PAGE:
“Learning to Speak to a Dinosaur”
When Cameron was younger, he was totally into dinosaurs. Kids on the spectrum obsess about limited topics, which they then get really good at!! He watched everything dinosaur, read dinosaur books and yes even ate his dinner like a dinosaur (what could I say to that! It was hilarious to watch!!) He would study their movements, analyze their colors and features and became quite the expert on the topic. Quite often he corrected, with unyielding confidence, the experts in the field that he felt were a little but off.
When he played, he would enter a world of his own and BECOME a dinosaur. I know that kids like to be creative and act out and play but this was more than that. He would growl at passersby, run on all fours, tweak his body to mimic the motions…He was a dinosaur. He would even practice this play to make sure that each movement and sound was just right. One day his dinosaur self was chasing his brother and sister and having a grand old time totally in his element. They, however, were totally done with his game and the screaming and yelling commenced. I ran in the room and began firmly talking to dinosaur Cameron explaining that they did not want to play with T-rex today and asked why he was upset with them. (He would often act out his anger and frustration while in dinosaur mode) He looked at me completely stunned and said, “Mom, isn’t it obvious that I am not a T-rex. Look at my hands….I have three fingers up. T-rex only have two fingers. If I have two fingers then you know I’m mad, but if I have three, then I’m playing” I just had to laugh at this. As if anyone, especially his mom, would know to check how many fingers the “dinosaur” had to know what his behavior really was.
There was a valuable lesson to be found in this experience. What I learned was that dinosaurs were such a big part of his communication. He was talking to us through a mode that he well understood. I entered this world with him and tried to glean what I could. We used that knowledge to create behavior charts and job charts, improve emotional awareness, provide incentives, and more. This was our way into his mind. A way that we could communicate with him and he with us.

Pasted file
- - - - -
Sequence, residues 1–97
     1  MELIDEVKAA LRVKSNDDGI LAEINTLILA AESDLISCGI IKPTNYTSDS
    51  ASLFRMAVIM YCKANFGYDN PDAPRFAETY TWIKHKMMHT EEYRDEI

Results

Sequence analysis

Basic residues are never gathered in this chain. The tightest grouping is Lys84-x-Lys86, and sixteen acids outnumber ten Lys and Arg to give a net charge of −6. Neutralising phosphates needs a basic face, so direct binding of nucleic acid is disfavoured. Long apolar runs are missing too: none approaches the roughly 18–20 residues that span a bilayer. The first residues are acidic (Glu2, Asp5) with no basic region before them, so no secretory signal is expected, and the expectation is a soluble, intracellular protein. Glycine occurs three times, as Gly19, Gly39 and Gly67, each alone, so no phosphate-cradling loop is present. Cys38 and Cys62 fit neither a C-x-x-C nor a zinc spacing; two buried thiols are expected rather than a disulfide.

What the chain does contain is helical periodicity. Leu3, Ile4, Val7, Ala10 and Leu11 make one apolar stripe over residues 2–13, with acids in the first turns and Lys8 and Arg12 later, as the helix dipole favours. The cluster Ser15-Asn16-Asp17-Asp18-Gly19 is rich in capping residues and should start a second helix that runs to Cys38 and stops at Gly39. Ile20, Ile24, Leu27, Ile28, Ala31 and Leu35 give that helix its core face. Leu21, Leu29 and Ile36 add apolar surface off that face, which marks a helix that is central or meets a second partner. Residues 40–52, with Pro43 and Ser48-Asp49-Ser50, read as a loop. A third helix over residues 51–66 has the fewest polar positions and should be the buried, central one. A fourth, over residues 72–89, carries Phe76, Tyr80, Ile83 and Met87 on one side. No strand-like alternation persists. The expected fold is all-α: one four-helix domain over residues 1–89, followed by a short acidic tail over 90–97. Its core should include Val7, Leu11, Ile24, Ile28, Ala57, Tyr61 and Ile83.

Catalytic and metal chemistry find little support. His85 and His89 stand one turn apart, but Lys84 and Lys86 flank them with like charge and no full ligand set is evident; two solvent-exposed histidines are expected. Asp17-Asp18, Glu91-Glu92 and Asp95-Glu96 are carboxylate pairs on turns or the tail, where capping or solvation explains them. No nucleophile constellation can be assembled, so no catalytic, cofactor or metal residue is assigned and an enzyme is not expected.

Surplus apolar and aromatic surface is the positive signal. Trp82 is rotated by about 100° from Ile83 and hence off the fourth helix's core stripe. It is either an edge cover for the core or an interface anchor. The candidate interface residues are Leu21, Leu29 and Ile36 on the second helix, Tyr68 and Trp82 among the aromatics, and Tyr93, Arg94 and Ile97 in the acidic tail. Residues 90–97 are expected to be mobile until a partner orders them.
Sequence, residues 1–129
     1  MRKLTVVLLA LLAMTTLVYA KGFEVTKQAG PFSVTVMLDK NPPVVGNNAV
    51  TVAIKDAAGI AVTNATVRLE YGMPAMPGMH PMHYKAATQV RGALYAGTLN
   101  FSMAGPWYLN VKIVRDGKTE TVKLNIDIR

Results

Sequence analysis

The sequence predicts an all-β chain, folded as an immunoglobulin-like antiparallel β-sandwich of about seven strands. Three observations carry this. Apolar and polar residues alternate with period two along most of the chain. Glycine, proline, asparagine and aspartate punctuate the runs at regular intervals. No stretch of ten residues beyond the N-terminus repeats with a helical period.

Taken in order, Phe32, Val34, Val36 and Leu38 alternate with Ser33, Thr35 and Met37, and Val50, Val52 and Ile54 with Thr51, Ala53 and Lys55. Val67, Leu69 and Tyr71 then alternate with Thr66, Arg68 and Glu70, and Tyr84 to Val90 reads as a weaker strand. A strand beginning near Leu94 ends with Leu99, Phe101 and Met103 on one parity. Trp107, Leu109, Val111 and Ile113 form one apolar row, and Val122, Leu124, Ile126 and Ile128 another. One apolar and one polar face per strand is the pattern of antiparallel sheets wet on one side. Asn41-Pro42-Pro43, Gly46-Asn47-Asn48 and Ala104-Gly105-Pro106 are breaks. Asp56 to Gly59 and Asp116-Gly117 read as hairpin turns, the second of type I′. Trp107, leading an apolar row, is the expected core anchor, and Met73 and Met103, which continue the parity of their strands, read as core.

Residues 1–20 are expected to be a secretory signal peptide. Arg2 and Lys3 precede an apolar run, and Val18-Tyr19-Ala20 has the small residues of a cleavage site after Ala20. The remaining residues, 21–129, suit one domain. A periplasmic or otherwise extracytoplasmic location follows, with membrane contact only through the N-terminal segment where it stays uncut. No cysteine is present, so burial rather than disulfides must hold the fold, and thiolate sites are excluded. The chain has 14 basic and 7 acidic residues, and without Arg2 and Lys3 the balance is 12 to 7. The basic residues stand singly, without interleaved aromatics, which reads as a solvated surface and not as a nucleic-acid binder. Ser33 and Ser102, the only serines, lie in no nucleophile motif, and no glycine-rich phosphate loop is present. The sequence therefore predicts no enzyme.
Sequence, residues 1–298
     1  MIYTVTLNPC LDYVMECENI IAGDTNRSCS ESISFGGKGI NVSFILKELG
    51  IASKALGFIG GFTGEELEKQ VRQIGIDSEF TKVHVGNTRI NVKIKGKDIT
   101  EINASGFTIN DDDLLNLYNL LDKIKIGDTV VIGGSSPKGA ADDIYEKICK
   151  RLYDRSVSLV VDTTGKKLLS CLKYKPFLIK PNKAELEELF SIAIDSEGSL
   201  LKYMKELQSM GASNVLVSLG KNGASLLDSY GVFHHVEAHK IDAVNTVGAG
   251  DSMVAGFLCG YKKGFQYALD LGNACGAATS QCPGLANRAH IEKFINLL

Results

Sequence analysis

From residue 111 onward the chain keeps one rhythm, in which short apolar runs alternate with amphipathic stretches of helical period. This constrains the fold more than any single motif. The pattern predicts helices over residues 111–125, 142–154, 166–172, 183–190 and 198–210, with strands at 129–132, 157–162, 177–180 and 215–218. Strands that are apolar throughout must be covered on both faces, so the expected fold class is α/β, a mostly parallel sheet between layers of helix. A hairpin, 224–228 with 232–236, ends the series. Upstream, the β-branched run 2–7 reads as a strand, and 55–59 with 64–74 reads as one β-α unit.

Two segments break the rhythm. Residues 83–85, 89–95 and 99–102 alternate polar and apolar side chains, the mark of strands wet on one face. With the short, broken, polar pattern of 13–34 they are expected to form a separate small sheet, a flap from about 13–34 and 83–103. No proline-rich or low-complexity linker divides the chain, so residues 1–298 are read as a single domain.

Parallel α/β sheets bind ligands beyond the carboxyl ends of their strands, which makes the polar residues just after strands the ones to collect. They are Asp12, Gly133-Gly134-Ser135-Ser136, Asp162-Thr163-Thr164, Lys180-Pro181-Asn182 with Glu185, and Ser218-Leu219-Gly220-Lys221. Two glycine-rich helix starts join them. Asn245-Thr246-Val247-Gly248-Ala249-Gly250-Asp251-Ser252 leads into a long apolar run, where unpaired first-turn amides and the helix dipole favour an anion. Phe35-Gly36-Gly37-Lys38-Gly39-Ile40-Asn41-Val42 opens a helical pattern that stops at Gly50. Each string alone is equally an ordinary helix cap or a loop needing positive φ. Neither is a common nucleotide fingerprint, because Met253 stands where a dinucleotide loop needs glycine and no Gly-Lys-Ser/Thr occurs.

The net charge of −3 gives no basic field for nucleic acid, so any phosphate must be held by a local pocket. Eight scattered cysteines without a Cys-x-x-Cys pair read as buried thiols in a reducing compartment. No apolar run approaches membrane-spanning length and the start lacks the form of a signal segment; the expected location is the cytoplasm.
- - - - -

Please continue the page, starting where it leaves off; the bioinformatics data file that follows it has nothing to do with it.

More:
Below is a copy of the behavior chart we used while he was in school. Cameron picked the pictures and wanted to show the emerging T-rex. As we worked with him on emotional awareness, he would point to which picture described how he felt and how close he was to a melt down. Then we had a separate notebook that had some to do’s. It was a list of tools that he could turn to to help him diffuse his building anger. He was to work hard to avoid reaching “Dinosaur Rock” which meant… We are in trouble now!! We knew that once he reached that level, prevention was no longer possible and we instead turned to more intense techniques of trying to calm down. I share this because it was a valuable tool for us based on “The Incredible 5pt scale” by: Kari Dunn Buron and Mitzi Curtis. I highly recommend this book as a tool if behavior outbursts &/or emotional awareness are a concern for you and your child. It offers great insight on the process as well as valuable techniques of implementation.
What methods or tools have you found to be useful in communicating with your loved one?